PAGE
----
- Healthcare providers still facing frustrations years after switching to electronic health records (EHRs) may soon find some relief from burnout as artificial intelligence moves closer to reality, suggests a viewpoint article published in JMIR Medical Informatics.
Artificial intelligence could help providers assemble and repackage the necessary components of clinical documentation – just like individual, standardized Lego pieces combine to produce an infinite variety of objects – to build notes that accurately reflect a patient encounter or diagnosis.
More intuitive interfaces, coupled with the emerging ability of AI to quickly identify important features of patients and their care, could help providers overcome some of their biggest ongoing gripes about digitalized data.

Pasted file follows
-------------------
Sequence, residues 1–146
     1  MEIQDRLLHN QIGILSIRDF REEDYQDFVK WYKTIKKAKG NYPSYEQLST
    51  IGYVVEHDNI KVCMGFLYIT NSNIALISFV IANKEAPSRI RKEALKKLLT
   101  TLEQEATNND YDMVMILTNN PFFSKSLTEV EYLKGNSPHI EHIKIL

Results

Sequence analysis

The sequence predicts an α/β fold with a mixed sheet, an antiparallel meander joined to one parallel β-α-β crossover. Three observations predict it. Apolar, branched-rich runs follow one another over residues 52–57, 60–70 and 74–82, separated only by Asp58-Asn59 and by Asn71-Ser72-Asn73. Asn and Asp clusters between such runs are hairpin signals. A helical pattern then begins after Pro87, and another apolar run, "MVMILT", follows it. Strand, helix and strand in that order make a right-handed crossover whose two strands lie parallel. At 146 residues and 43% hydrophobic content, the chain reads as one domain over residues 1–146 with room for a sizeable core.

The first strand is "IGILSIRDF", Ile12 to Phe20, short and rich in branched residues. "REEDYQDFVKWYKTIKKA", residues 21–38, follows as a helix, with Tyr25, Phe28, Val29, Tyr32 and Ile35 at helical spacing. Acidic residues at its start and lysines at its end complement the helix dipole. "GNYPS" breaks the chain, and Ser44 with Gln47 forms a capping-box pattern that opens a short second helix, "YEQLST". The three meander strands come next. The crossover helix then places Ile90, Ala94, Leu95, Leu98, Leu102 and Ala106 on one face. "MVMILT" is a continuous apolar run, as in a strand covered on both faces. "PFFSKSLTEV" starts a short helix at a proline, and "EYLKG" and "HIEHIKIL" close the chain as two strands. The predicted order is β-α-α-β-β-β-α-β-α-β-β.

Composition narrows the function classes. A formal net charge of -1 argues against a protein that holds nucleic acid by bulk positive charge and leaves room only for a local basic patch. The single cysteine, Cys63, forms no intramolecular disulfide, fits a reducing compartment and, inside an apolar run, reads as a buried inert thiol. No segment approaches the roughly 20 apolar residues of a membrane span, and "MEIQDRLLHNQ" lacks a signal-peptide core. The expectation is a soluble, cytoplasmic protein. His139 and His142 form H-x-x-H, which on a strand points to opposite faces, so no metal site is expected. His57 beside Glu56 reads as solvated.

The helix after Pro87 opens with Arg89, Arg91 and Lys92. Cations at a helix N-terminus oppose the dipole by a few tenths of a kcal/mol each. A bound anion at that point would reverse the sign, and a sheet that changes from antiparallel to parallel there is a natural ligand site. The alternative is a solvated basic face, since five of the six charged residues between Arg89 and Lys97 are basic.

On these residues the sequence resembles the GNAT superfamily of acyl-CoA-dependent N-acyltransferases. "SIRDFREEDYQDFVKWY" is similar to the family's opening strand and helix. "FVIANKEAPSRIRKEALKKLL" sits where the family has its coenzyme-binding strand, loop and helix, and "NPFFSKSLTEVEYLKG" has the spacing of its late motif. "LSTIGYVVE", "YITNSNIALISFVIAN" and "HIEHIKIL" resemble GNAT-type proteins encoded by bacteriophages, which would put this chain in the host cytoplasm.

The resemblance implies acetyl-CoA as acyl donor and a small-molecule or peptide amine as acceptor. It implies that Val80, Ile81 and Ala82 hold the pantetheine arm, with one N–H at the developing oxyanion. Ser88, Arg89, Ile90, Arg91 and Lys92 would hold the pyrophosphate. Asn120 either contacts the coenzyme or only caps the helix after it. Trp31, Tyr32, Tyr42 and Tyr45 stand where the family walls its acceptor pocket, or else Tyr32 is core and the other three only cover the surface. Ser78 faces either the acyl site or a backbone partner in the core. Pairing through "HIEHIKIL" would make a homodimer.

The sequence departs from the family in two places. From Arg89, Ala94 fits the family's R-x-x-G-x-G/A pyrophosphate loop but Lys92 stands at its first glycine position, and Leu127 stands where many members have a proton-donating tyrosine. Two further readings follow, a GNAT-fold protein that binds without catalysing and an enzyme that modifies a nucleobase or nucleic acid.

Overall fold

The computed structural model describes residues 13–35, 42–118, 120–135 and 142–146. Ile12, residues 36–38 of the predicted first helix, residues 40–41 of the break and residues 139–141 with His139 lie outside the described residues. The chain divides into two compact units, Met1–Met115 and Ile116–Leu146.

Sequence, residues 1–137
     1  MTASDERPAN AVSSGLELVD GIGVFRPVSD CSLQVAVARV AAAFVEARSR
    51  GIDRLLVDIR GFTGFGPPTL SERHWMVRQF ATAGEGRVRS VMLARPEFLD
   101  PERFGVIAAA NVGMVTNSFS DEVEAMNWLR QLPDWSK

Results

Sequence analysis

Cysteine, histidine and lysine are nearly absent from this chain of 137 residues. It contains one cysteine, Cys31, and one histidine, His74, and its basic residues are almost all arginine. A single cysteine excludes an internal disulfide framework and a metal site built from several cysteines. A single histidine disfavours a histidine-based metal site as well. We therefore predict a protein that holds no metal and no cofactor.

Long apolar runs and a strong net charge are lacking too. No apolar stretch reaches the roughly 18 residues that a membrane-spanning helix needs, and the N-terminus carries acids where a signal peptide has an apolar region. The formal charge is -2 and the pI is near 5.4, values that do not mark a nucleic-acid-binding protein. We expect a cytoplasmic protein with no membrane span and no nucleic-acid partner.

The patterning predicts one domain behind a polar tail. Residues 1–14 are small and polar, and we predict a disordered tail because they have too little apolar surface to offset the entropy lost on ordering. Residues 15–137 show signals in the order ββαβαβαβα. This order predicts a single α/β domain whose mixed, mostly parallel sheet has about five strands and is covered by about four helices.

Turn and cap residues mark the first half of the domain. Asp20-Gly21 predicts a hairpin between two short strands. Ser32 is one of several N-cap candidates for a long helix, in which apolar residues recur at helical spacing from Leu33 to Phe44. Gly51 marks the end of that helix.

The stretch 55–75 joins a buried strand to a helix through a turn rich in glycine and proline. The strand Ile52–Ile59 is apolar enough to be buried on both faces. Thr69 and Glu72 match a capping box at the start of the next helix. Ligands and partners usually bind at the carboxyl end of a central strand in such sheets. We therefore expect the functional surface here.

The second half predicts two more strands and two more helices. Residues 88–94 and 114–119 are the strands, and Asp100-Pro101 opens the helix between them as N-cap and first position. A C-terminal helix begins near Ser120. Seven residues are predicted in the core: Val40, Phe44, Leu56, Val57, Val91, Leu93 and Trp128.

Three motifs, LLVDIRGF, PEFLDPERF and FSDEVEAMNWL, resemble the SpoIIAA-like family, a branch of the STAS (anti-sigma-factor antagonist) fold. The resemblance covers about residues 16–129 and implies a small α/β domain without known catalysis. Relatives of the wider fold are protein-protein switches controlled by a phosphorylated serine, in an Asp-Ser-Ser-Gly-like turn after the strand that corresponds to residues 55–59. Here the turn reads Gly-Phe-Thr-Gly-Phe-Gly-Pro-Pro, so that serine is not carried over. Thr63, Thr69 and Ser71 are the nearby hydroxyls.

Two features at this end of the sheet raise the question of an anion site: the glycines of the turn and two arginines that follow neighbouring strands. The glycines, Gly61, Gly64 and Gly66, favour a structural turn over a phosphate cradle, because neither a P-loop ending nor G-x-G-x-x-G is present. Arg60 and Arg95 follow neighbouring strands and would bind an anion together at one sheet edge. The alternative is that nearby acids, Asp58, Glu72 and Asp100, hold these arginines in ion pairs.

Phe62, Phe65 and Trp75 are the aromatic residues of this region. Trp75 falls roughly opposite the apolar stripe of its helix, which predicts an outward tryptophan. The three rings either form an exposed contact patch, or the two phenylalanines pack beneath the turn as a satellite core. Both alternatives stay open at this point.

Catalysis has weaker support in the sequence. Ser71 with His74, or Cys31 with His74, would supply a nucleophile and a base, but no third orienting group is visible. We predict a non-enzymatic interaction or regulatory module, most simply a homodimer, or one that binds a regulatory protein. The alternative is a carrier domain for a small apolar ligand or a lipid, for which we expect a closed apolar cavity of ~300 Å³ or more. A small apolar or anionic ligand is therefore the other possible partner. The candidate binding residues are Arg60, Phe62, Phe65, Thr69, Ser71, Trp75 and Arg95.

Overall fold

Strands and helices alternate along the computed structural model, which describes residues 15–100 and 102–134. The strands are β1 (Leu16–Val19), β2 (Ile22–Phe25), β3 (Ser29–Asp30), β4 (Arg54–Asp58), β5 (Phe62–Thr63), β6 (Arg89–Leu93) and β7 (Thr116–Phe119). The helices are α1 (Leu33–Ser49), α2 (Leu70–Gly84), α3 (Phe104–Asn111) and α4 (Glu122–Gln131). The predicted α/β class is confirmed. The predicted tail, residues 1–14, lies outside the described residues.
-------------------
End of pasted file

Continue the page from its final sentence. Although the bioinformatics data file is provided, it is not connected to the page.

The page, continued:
“In contrast to the historic paper-based documentation workflow, the EHR user must painfully search through the bins of items buried in the software to extract the correct ‘pieces’ of information necessary to complete the entry, requiring click after click after click in that process,” writes a team of researchers from MIT, Beth Israel Deaconess Medical Center, the University of Virginia, and Hospital Israelita Albert Einstein in Brazil.
EHR documentation is one of the most time-consuming tasks in the modern care environment, and one that users seem to dread. A recent AMA study found that clinicians spend twice as much time tapping on the keyboard as they do sitting face-to-face with their patients, which has contributed to widespread dissatisfaction with electronic tools and contributes to physician burnout.
Yet EHRs are here to stay whether providers like them or not, point out Rodrigo Octávio Deliberato, MD, PhD, Leo Anthony Celi, MD, MPH, MS, and David J Stone, MD.